By Michele Robert Poche
Squabbling over a teddy bear, taking turns on the monkey bars or even sharing the same friend are reasons one child can come into conflict with another. And, in today’s generation of helicopter parenting (no judgment here. I am a card-carrying member of this organization!), it’s more critical than ever to teach kids to handle their own conflict resolution.
How can you cure this problem? The answer is in the question.
Just remember C-U-R-E.
(Note: You are only the moderator.)
Allow the disputing parties to step away from each other to count to ten or spend a few hours (or even days if they’re not siblings) apart. Taking time and space to cool off will ensure that the problem is handled rationally without anyone saying something in the moment that he could later regret.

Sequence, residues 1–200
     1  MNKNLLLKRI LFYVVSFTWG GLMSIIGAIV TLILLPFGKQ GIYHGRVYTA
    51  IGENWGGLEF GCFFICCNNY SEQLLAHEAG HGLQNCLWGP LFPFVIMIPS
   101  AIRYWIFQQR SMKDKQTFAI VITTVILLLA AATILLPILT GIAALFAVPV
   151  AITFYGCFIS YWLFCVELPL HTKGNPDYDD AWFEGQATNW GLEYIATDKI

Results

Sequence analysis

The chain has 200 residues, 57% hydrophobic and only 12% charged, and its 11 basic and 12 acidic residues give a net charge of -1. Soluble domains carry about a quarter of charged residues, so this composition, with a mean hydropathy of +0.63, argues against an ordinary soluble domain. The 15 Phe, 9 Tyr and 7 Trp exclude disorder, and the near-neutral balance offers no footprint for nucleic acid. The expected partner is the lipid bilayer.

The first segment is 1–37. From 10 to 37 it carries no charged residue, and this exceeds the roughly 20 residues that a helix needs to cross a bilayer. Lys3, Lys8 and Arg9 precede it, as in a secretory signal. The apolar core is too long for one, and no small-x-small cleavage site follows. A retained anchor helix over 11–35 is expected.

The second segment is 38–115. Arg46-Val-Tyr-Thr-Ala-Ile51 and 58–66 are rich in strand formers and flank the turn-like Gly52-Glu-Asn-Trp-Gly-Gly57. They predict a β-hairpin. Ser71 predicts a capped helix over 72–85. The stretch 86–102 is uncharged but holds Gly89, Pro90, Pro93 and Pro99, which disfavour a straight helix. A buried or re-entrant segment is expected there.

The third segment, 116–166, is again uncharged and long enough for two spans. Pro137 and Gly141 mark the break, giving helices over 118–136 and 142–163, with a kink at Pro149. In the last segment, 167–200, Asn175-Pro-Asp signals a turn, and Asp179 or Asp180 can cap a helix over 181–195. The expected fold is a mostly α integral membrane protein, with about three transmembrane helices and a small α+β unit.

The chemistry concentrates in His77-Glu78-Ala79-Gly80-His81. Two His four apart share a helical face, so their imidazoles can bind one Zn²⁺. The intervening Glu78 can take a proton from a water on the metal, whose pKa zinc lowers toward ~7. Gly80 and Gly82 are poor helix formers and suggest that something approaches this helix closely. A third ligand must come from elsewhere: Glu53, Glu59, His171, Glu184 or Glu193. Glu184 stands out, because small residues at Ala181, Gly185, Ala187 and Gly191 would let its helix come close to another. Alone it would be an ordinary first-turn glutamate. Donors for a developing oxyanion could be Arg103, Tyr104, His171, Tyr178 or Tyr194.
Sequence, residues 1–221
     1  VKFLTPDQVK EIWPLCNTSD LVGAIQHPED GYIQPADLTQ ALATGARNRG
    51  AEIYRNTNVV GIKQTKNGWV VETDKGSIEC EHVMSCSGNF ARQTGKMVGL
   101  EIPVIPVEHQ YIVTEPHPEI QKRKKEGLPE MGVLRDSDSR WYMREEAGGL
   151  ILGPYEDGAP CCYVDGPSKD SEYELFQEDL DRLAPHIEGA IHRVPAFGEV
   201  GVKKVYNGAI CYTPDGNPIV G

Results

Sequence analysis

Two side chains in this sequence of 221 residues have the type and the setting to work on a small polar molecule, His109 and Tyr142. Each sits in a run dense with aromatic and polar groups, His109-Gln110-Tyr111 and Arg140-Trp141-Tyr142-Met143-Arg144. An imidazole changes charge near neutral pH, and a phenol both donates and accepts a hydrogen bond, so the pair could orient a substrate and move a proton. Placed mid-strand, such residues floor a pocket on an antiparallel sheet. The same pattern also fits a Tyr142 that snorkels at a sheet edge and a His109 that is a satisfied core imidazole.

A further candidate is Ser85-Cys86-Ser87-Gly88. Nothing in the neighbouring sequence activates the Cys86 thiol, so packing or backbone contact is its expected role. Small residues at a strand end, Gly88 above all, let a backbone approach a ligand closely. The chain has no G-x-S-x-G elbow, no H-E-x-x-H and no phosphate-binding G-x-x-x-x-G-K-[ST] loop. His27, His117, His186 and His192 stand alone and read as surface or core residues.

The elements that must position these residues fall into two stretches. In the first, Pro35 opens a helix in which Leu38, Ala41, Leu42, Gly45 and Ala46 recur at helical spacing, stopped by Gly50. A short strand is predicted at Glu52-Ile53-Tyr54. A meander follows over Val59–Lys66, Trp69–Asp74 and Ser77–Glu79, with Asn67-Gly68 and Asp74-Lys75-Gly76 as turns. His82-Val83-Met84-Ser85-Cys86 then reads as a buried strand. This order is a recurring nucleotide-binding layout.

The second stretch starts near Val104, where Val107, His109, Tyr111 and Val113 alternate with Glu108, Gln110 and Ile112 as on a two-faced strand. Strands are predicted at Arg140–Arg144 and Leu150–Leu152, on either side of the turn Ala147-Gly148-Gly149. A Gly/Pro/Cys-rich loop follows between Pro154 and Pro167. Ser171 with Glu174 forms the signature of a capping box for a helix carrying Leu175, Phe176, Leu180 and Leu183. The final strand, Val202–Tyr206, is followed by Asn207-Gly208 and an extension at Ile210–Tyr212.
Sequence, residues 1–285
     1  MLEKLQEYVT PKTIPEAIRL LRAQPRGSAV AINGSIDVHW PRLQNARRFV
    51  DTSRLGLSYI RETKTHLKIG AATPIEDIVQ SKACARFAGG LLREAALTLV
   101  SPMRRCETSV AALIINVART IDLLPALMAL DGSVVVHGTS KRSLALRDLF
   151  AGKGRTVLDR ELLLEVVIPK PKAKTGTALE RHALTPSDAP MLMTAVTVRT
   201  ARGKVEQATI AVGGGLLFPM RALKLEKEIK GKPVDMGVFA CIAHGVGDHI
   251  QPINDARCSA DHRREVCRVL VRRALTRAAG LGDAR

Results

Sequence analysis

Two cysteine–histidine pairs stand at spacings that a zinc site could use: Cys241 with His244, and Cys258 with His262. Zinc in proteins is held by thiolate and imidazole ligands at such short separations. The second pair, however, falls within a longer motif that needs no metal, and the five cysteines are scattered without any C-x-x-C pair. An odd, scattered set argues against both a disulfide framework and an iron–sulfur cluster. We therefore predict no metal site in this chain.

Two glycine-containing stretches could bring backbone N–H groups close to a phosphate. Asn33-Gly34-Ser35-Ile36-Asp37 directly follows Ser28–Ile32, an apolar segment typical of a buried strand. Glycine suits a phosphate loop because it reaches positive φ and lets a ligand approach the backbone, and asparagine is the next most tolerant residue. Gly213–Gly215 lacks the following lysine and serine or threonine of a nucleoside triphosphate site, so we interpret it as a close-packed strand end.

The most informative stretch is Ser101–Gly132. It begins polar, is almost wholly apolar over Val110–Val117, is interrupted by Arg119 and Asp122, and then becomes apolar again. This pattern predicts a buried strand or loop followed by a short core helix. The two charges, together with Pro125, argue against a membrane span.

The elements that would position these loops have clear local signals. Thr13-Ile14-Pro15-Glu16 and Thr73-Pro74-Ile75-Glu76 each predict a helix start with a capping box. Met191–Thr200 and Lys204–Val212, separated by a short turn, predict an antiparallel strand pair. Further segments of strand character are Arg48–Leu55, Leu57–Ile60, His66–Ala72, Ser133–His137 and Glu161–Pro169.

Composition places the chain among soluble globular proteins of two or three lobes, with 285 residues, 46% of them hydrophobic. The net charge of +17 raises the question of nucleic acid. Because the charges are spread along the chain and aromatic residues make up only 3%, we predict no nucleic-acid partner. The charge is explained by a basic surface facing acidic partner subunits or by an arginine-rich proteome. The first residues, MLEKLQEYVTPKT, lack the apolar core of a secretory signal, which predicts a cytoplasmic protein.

Understand Each Other.
Once the adversaries have had some time to collect themselves, bring them together and let them each tell her side of the story using I-messages. (“I felt left out when …”). This style of communication enables the child to identify her own emotions without blaming the other child and putting her on the defensive.
Regret, Responsibility & Remedy
These are the three R’s of a good apology. It’s important that one or both parties be truly sorry, be accountable for their share of the issue and be involved in finding a compromise to prevent this problem from happening again.
As the moderator, you’re the most important part on this one. When you see the above steps being followed and conflicts being resolved independently, commend the compromisers on a job well done. Then remind them to use these valuable life skills every single time.